Islamic architecture at the Alhambra

Having looked at the Alhambra from afar in my first post, followed by examples of the Islamic tile-work found within the palaces in my second and the Generalife in my third, this fourth post in my Alhambra photo-series takes a closer look at the architectural detail of the palace complex.

"Honeycomb," "stalactite," or "mocárabe" vaulting in the Hall of the Abencerrajes


The honeycomb architecture is a wonder.  I have seen this previously in pictures only and they really don’t express the intricacy and quality of the work.  To see it up close takes one’s breath away.


Honeycomb roof in detail

Honeycomb and carving in close up

Mind bogglingly stunning relief carving

Juxtaposition of tiles, carving and door

Patio de los Arrayanes (Court of the Myrtles)

Cuarto Dorado


This was a difficult shot to get as there were so many people packed into the room.  I knelt down on the floor and waited for a gap to emerge, which one eventually did for just  a second, and I was able to get the shot.  The pool looks very serene and the whole room opens up to sky above, particularly impressive when seen at night and I would certainly recommend the night visit aswell as the day visit.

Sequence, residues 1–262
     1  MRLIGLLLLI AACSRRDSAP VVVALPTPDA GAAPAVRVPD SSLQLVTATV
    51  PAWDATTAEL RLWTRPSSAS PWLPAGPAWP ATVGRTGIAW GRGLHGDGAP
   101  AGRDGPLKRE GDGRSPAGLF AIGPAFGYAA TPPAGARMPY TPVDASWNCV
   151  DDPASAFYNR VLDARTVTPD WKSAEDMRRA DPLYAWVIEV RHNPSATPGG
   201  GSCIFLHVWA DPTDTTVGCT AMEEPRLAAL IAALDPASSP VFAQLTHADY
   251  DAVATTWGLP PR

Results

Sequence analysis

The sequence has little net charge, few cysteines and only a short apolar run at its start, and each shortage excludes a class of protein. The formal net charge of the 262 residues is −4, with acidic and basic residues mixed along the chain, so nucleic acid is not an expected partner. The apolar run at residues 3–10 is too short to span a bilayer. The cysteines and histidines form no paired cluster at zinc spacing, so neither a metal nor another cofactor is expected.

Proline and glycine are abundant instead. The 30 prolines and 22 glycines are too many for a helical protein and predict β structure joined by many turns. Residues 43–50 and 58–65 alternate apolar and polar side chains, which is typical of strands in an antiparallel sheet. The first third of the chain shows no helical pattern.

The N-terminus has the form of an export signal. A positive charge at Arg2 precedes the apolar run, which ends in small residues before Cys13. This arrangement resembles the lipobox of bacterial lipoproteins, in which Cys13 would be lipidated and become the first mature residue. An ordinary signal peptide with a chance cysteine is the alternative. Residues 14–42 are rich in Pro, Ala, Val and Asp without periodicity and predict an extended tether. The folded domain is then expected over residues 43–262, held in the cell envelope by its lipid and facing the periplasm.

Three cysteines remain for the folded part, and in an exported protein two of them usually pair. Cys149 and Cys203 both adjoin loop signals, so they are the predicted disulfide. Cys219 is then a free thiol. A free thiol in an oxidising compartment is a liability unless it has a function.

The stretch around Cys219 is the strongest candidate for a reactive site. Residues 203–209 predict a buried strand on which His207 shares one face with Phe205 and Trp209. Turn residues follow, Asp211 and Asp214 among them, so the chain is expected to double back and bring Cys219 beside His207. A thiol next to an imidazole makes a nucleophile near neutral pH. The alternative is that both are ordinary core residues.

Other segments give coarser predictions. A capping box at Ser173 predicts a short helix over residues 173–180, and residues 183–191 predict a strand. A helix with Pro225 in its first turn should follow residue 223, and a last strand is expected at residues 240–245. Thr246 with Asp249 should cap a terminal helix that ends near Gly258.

Arch through to the Patio de los Leones (Court of the Lions)

Patio de los Leones (Court of the Lions)


The Court of the Lions was closed for renovation on our visit so we could only see the top part of the court above the boarding which blocked the view.  I was disappointed by this as the Court of the Lions is meant to be the jewel in the crown of the entire palace complex.  We were able to see the lion statutes which had been removed to another room and cleaned up (no photos allowed though) and they did look better for it.  Maybe We’ll have to go back one day to the see the court restored to all its glory.


Recess in the Salón de los Embajadores (Hall of the Ambassadors)



One response to this post.

  1. Liked all the photos in your series. Thanks for sharing. Jack


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